Can we constitute a minyan online?
There are many prayers that need to be recited in a minyan – a group of ten people. The Mishnah in Tractate Megillah states:
They do not recite the Shema responsively, And they do not pass before the ark (Recite the Amidah); And they (the priests) do not lift up their hands (Priestly blessing); And they do not read the Torah (publicly); And they do not conclude with a haftarah from the prophets; And they do not make stops (at funeral) processions; And they do not say the blessing for mourners, or the comfort of mourners, or the blessing of bridegrooms; And they do not mention God’s name in the invitation (to say Birkat Hamazon); Except in the presence of ten. (Mishna, Meg. 4:3)
Various explanations have been given for the requirement of having a minyan. Perhaps best known is the idea that these are communal obligations and therefore need to be recited in a community. Ten is the minimum number of people to be considered a community.
Another explanation is that these are Holy Activities – Devarim She-ba-Kedusha – and need to be done in God’s presence. God’s presence is guaranteed wherever ten people collect together, as it is written ‘And I shall be hallowed among the children of Israel’. (Lev 22:32)
If ten people need to come together for a minyan, what is the meaning of ‘together’? How close to you need to be in order to count?
The Shulchan Aruch rules: All of the ten need to be in one place and the prayer leader with them. (OC, 55:13). The Poskim (Halachic decisors) have debated many different configurations over the years: If you are outside of the building behind a glass wall and you can see and hear the service – does it count? (Yes) If you are in a different room that opens up onto the room where the prayer is being said – do you count? (No) If the prayer leader stands in the doorway between the two rooms – do both rooms count as being the same space? (Yes). The common denominator is that being in the same place means being able to see at least some of the other participants in the prayer service. So physical proximity is essential.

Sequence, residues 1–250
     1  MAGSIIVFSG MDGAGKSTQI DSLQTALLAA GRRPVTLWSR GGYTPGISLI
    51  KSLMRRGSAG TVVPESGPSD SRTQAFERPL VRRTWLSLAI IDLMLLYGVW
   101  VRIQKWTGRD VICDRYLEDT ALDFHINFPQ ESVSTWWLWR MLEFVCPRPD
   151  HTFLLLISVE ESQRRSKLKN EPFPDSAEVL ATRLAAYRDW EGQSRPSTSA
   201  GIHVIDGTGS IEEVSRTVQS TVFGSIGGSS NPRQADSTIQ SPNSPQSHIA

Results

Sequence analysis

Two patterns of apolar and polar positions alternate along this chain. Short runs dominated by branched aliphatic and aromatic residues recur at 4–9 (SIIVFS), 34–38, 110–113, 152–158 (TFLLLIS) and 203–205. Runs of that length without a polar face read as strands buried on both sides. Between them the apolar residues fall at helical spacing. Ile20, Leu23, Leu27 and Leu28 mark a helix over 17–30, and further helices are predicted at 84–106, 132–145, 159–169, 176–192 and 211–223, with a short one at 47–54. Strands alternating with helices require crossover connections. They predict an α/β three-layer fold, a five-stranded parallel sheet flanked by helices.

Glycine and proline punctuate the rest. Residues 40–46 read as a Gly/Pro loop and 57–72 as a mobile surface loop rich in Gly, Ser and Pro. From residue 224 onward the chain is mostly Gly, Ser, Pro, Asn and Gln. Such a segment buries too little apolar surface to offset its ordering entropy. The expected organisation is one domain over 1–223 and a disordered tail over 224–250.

If the definition of a minyan is ten people together in the same space, is there room to broaden the definition to include being in the same social or spiritual space? Particularly, in the case of a digital medium where participants not only hear each other, but can also see each other, albeit only on screen?
Again, most Poskim have determined that minyan cannot be constituted this way; that physical proximity is the central definition of community. But, while a virtual Minyan doesn’t count as being fully a minyan, many would agree that a virtual minyan does have value, and that there are many important parts of the service that can be recited in a virtual Minyan.
The Mishnah above lists the parts of the service that require a properly constituted minyan. There are other parts of the service where we customarily require a minyan to be present – but aren’t included on this list. Thus, repeating the Amidah, reciting the Kedushah (in the repetitio), the Priestly blessing, Public Torah reading and reading the Haftorah with the blessings all require a minyan of ten in the same space.
Where the obligation for a minyan is an established custom rather than a legal requirement, a virtual minyan should be acceptable. What are the things for which a virtual minyan would be sufficient?
Kaddish: The kaddish is a traditional praise of God, recited by the mourner after the prayer service. Given the emotional importance of reciting Kaddish for many people and the fact that it is a custom rather than a legal obligation, there are many rabbinic precedents for being lenient on the halachic requirements for reciting Kaddish. Therefore, Kaddish can (and should) be recited in a virtual minyan.
Torah Reading: While a communal reading which entails reading from a scroll, calling up seven people and reciting the blessings requires a Minyan, one can always read and study the Torah, whether alone or in a group.
Haftarah: As above. It can be read at any time, but without the blessings for a communal reading.
Ultimately, a minyan is two things: it represents a physical community and it is a spiritual place where God’s presence resides. In an ideal world, both of these things come together. But where this isn’t possible, there are many ways we create communities. Our virtual communities should allow us to create a spiritual space where we can welcome God’s presence and recite together many of our communal prayers. Still, without close proximity, our communities are incomplete. Saying some, but not all, of our communal prayers reflects this reality.
May it be God’s will that the current threat will pass, and we will soon return to the full spectrum of communal activities and prayers.
Rabbi Chaim Weiner is Av Bet Din of the European Masorti Bet Din